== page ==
LORD: No, Gloria. He did it because he feels like a privileged insider and his pals felt like privilege insiders. And this is permeates the entire system and this is what's wrong.

BORGER: That was because Florida because there was such a marrow margin, Florida had an automatic recount because the laws of the State of Florida called for that. And because the election was so close -- and don't forget Al Gore won the popular vote by half a million, but we won't talk about that because this is about Electoral College.

LORD: That's right.

BORGER: And because the State of Florida said automatic recount, Al Gore said yes. And then there were 36 days in which the country was very patient, but that is very different...


LORD: What does the Supreme Court have to do with it?

BORGER: But wait. I didn't bring it to the court.

LORD: What does the Supreme Court have to do with it?

AXELROD: Jeffrey, the election wasn't over. The 50 states...

LORD: The election was over on election night.

AXELROD: The 50 states did not certify these winners and the election was not over. Once the election was certified in Florida, once the court spoke and the election was certified, Al Gore stood in front of the camera.


LORD: You're illustrating the problem. You're illustrating the problem.

BORGER: It's a different problem.

LORD: No, it is not.

BORGER: Al Gore did not go on the debate stage and say, I'm not sure I'm going to accept the election results in his third presidential debate.

LORD: He called and said, I no longer concede.

BORGER: He did because Florida was recounting.

COOPER: Van, you want to weigh in on this?

VAN JONES, CNN POLITICAL COMMENTATOR: This is a really sad night. This is a very sad night for the country. You can't polish this turd. This is -- I'm sorry.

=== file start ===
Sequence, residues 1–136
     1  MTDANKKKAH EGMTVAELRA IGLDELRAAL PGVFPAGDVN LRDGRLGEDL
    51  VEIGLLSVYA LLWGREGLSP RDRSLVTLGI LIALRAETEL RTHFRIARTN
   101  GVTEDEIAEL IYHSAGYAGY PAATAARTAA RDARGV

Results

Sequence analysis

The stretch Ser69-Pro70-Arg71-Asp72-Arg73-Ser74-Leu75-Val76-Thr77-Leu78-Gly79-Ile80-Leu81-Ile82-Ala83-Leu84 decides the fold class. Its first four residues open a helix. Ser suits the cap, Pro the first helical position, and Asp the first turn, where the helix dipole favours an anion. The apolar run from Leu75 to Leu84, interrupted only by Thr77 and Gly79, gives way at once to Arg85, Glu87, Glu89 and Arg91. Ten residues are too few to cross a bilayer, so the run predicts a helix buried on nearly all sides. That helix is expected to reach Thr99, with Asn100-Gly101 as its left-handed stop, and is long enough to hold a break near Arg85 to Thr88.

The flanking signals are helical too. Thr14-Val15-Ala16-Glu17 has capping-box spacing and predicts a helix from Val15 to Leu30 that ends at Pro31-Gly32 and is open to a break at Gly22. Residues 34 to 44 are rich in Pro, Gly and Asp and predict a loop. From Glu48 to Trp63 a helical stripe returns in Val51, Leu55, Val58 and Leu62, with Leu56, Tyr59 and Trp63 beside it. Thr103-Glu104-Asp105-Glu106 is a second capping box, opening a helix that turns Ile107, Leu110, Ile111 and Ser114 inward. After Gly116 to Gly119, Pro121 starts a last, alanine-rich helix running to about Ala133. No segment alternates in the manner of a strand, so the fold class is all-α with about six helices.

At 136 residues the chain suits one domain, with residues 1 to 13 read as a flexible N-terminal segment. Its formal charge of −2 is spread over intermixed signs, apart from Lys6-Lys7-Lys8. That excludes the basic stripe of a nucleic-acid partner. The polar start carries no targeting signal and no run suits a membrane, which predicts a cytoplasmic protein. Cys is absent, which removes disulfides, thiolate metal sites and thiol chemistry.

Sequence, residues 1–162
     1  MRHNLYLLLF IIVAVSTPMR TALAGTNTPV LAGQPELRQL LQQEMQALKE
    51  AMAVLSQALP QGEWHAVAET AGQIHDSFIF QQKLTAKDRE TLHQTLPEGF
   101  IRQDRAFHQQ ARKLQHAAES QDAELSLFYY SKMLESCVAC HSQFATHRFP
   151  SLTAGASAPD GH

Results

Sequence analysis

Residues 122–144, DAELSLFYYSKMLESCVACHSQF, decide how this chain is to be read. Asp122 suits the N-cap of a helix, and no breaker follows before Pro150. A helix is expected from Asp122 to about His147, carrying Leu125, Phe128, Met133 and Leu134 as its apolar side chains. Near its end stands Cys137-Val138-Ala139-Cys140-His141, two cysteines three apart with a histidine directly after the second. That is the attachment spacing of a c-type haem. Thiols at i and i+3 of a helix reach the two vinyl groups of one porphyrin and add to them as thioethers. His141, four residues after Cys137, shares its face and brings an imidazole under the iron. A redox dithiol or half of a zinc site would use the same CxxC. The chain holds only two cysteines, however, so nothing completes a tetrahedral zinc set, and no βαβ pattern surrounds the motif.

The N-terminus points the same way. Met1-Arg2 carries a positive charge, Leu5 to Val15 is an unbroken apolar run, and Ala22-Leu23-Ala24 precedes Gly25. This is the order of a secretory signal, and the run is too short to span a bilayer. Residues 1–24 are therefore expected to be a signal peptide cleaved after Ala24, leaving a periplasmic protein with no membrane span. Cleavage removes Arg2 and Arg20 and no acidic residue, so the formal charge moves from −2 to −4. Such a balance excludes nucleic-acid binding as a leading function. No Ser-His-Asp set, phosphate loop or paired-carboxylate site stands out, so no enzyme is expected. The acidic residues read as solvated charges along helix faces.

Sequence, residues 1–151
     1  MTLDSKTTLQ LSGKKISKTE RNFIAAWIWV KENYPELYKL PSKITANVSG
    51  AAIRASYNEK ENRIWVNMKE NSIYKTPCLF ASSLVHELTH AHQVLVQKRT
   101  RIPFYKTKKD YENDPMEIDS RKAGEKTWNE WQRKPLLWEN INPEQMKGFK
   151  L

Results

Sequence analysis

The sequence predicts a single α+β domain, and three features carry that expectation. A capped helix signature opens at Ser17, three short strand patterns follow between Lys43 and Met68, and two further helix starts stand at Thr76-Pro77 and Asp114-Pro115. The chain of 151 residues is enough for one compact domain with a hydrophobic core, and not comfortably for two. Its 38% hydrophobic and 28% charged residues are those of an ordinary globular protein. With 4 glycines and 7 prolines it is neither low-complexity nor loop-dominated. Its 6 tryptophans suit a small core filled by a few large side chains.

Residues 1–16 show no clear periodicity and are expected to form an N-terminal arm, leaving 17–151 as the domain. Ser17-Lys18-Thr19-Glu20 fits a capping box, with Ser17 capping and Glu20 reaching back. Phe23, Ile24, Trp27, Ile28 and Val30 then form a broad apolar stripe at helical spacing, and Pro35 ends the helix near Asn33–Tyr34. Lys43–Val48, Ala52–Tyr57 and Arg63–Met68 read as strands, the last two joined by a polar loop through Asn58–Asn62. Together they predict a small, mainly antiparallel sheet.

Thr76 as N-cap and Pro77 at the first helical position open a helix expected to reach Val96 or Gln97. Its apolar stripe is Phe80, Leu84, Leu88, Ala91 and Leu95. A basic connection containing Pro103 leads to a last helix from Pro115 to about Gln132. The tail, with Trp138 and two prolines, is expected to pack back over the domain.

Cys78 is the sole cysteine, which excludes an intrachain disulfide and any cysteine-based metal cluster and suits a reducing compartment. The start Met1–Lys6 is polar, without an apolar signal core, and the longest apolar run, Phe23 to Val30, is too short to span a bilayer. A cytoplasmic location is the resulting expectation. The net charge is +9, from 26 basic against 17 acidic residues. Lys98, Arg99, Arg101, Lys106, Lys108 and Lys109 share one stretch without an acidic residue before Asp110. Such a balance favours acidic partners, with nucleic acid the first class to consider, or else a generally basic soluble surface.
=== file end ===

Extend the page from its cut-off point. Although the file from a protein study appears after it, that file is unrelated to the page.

[22:50:01] You cannot...

COOPER: Technically, you cannot polish my turd.

JONES: I'm going to be very, very clear about this. Al Gore respected the Constitution, respected the process, respected every voter. He went to our Supreme Court, asked for a resolution on his own terms as did George W. Bush. And when the election results were certified, he told his party and his base to stand down and accept this. Even though a lot of us were very, very upset.

What you just got now was the nominee of a major party for the first time in our history signaling to the American people that he has so little faith in our institutions, he has so little faith in our people, he had so little faith in our courts, he had so little faith in the republican governors, the republican secretaries of state across this country that he will not stand in front of his own country, in front of his own nation and say that he respects the process and the outcome. That is an outrage. Appalling lack of patriotism from this man.


COOPER: Let him finish.

JONES: The appalling lack of patriotism from this man to stand there and say that to praise Putin and Assad more than he has praised any American president. He doesn't talk about George Washington; he doesn't talk about Ronald Reagan the way he talks about Putin and Assad.

This man has demonstrated an appalling lack of patriotism. And you should be ashamed of yourself to have defended.


KAYLEIGH MCENANY, CNN POLITICAL COMMENTATOR: And I'm truly perplexed to hear you talk because you're asking him to accept something that hasn't happened yet.

None of us know what is going to happen on Tuesday, November 8th.


COOPER: With that lesson in our country joined 40 years ago.

MCENANY: And in fact, I'm going to Jay Christian Adams, who was a voting attorney -- voter's attorney for the Department of Justice, said that there are as many as four million dead people registered to vote right now. There is voting fraud out there. Donald Trump...


COOPER: That's not voting fraud. That's not voting fraud.

MCENANY: Well, four million people, dead people vote?

LORD: No. They don't vote.

MCENANY: That is in fact fraud.

COOPER: They're not voting. You're making that up.

MCENANY: There is no, but they're listed.

COOPER: Yes, yes.


MCENANY: And we have a video, by the way. And I hope -- I hope voters...


SMERCONISH: They just died. Nobody has removed them yet.

MCENANY: And you let me finish. I know you like to scream over me and not let me get my point. But let me finish really quickly. There's a video out there just came out two days ago, democratic operatives hired by Hillary Clinton, hired by the DNC talking about buzzing people in to vote under many dead people's names, people who haven't showed up to vote yet, voting them and taking them to different polling places in a mass voter fraud operation. There's a video of it, you can see it.